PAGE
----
out-weighed the common land use.
Availability of new Markets
Between 1500-1750, the world markets were full of regulations and free trade was did
not make it in the world. In the 1790s, there was the development of private marketing
agencies that marketed the agricultural produced commodities. Also, during the 1790s there
was a shift from the production of agricultural commodities for family consumption to
production for the market (Isenberg, n.d pg 70.). Moreover, the market radius for agricultural
commodities grew tremendously to support the over 100,000 sprouting towns. In addition,
agricultural products were also marketed to other European nations. The marketing systems
were also improved by the introduction of improved wagons for transportation.
The agrarian revolution expanded the availability of disposable capital. The
Agricultural sector increased the revenue from both exports and taxes. The revenue formed
ready capital to study new industries and businesses that led to industrialization. The capital
formed from agriculture also funded the development and construction of other technologies
such as factory machines and railroads. The expansion of the economy also facilitated
political stability. Besides, the United States introduced new business practices in which the
entrepreneurs selling agricultural commodities become highly valued. The integration in the
economy eliminated competition from the imports from foreign products hence facilitating
the growth of the industries in the United States (Isenberg, n.d pg 90.). The growth of the
agrarian revolution also facilitated the growth of service industries to provide services such as
warehousing and banking for both businessmen and farmers. Lastly, the agricultural output
acted as a source of raw material to facilitate the growth of the home industries.
Significance of the Agrarian Revolution
The agrarian revolution marked a turning point for the performance of United States
industries. The data available suggest that a growth of over 3.1 folds of agricultural was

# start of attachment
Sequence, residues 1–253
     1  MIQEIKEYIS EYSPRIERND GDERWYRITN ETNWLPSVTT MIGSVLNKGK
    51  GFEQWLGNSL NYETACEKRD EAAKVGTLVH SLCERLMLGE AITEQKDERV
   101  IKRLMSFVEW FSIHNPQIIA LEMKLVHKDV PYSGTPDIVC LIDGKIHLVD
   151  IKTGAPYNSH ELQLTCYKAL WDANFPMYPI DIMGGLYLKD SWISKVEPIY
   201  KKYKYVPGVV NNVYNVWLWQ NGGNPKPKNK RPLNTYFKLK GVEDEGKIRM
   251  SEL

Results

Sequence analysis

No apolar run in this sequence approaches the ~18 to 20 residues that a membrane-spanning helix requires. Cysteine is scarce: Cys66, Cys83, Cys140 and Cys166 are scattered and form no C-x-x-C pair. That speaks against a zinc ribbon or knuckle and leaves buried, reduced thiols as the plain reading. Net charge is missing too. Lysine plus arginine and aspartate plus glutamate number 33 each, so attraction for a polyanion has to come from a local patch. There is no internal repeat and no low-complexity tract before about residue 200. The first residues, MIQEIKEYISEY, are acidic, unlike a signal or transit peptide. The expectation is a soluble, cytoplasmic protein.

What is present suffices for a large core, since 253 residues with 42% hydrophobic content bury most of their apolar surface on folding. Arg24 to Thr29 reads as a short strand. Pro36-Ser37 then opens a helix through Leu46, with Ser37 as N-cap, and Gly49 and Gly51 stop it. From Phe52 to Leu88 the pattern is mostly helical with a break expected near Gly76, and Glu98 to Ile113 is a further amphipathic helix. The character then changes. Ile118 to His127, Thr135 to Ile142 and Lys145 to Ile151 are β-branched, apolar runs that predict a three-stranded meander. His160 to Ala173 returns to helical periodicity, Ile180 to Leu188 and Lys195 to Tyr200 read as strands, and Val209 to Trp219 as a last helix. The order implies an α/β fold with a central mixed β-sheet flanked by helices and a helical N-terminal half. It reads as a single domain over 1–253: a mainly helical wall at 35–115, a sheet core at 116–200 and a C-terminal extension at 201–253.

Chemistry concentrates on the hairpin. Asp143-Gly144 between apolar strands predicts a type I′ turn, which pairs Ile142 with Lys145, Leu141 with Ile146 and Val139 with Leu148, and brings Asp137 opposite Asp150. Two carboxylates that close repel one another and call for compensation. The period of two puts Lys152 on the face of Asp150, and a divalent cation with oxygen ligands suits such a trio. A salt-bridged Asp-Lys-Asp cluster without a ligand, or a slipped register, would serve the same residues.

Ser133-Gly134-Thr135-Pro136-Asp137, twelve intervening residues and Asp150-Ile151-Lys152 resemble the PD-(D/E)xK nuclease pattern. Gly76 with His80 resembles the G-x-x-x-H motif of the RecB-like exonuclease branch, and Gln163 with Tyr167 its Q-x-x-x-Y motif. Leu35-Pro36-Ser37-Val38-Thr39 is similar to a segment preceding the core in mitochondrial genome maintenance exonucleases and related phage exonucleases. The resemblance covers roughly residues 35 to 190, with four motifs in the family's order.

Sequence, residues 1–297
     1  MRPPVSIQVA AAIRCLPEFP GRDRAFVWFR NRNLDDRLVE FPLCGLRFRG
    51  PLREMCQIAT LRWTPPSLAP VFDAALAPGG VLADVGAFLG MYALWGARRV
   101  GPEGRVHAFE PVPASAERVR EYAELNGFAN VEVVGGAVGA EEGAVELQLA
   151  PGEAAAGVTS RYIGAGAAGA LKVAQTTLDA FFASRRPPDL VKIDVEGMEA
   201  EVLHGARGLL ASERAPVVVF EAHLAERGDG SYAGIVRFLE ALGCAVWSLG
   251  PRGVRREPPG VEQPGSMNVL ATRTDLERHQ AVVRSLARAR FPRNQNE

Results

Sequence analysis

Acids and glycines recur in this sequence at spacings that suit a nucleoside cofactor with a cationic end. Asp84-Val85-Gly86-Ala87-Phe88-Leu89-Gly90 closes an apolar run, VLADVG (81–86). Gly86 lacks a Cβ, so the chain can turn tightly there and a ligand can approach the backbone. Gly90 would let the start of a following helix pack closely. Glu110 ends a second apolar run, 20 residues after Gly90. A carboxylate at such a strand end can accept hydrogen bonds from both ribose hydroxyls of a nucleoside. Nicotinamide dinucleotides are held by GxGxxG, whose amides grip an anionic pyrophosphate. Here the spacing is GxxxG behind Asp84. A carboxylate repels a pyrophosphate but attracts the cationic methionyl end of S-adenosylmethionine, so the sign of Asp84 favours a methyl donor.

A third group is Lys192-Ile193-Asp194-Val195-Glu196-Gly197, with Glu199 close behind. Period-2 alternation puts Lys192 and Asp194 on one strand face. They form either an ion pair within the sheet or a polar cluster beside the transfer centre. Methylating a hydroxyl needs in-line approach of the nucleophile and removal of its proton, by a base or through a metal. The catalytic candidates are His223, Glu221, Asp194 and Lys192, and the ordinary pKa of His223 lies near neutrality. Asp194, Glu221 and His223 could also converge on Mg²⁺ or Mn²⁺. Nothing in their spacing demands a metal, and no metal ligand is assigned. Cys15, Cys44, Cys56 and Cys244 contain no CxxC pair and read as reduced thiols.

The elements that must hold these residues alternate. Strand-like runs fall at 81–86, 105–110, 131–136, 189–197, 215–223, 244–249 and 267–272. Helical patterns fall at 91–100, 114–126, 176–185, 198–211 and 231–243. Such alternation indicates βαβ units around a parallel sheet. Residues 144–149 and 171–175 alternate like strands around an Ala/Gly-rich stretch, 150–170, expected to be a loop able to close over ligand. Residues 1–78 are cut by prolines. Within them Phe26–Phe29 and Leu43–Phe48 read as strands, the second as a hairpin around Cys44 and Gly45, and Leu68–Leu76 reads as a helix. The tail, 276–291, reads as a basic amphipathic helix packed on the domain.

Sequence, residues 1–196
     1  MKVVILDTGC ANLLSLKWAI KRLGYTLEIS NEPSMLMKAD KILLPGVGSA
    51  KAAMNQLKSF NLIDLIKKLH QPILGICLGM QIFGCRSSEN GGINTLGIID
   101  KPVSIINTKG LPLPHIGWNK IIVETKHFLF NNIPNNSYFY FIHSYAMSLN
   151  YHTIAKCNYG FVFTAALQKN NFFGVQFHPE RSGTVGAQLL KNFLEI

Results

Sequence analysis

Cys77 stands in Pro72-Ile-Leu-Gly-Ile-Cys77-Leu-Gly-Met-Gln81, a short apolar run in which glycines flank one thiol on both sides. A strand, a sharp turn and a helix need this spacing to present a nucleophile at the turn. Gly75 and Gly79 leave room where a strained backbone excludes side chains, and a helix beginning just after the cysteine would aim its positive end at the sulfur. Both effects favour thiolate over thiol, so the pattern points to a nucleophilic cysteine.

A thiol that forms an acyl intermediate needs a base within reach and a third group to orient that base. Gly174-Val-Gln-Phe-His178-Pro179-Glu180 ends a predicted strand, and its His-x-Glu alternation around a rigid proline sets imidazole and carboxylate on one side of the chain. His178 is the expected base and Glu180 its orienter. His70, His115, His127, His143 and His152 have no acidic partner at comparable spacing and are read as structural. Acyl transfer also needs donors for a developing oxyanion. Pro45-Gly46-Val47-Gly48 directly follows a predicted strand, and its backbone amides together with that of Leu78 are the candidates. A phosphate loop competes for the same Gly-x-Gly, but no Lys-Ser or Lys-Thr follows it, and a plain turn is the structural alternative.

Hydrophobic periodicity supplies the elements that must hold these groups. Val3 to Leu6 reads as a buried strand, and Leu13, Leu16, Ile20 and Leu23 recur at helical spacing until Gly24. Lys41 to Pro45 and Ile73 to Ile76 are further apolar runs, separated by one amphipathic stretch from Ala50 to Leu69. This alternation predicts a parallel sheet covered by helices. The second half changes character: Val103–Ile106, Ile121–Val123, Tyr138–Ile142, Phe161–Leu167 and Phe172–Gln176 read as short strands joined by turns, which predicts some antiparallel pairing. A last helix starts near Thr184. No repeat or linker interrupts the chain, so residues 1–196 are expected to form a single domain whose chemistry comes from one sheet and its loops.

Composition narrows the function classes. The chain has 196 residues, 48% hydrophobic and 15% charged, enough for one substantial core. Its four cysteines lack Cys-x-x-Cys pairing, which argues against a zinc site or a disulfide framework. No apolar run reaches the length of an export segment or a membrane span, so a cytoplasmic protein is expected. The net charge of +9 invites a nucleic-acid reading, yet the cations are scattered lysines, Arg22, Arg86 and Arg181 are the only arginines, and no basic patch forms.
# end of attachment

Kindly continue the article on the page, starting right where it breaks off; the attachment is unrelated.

recorded in the Unites states between 1790 to 1860. The drastic increase in agriculture gave
birth to many industries in early 1800. The increase of over 60% yield of grain the country
called for a proportionate increase in industries and population.
The increase in the growth of the agricultural sector resulted to a rapid increase in
population in the United States. Therefore, the increased population facilitated rural to urban
migration. The increased population in the town had no choice other than to provide cheap
labor that industrialization depended on. The increase in agriculture also served as the source
of food for the growing population in the cities.
The growth of the United States to the industrial empire in the 1860s is as a result of
the growth of agriculture. The agricultural sector in the country sector facilitated resource in
terms of food for the working force and also raw material for the industries. The steady
growth of agriculture was as a result of technological advancement that many countries
during the time did not access. The technology that the US enjoyed in the 1800s is still a
challenge up to today in developing nations which pulls them down toward establishing an
Isenberg, A. The California gold rush: A Brief History with Documents (The Bedford Series
in History and Culture)